Dealing with third-party kernels

Where is my kernel coming from?

Some installations need custom kernels to work, and others may wish to test custom kernels that fix one-off issues. Canonical provides such kernels from a PPA: ~canonical-kernel-team PPA.

Other kernels may be provided via other PPAs, by third-parties.

One important thing to think about is that you should only ever install a kernel from a source you trust. The best source for a kernel remains the Ubuntu archive.

If you decide you trust a kernel coming from a PPA; you might want to also enroll the signing key for that PPA in your firmware to allow loading these signed, third-party kernels.

How do I enroll a PPA signing key?


First, make sure you trust the owner of the PPA. This is important, as you would be adding a signing key that is unlikely to change, will allow trusting any UEFI binary built and signed from that PPA.

Navigate to the PPA URL (<user>/<ppa name>/ubuntu); then under dists/<codename>/signed; then the right name for the product, such as linux-amd64.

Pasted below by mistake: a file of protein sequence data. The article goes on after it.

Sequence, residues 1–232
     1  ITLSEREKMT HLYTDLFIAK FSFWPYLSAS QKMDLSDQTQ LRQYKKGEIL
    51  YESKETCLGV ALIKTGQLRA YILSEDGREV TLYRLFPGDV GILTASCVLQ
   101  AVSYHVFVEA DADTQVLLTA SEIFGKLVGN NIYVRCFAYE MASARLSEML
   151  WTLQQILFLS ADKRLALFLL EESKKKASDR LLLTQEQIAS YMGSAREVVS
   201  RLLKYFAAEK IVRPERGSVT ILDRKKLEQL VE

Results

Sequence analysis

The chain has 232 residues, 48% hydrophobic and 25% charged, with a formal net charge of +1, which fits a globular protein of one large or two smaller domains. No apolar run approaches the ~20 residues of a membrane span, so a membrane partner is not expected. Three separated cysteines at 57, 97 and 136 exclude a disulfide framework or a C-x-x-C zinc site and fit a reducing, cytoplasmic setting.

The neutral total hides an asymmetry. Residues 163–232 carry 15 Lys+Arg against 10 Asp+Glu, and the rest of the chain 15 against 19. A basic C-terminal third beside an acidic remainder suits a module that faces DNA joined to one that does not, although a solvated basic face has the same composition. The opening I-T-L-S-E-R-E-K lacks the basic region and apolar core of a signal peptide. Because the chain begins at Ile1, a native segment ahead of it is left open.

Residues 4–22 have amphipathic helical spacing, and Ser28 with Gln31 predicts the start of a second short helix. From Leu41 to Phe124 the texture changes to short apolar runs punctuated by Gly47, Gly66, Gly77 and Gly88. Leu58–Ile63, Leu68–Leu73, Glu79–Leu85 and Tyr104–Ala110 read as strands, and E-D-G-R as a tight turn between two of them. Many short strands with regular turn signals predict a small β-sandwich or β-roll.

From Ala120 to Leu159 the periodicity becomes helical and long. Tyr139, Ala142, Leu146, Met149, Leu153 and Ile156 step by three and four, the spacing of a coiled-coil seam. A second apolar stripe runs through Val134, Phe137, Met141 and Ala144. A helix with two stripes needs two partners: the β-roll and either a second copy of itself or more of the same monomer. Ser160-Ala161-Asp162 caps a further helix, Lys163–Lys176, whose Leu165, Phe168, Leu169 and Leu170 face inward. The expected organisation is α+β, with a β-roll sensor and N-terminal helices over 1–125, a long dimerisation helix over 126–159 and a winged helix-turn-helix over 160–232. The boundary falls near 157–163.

Retrieve the signed.tar.gz file and extract it after verifying that the files integrity is valid (there are SHA256SUMS files included for that purpose).

Navigate to where the files are extracted, into the <version> directory, then in the control directory.

From there; enroll the uefi.crt certificate. It needs to be converted to DER format first (it is in PEM format).

How do I enroll a signing key from a third-party archive, not from Launchpad?

You will need to ask for the public certificate from the publisher of the package.

UEFI/SecureBoot/ThirdPartyKernels (last edited 2019-04-05 16:01:39 by cyphermox)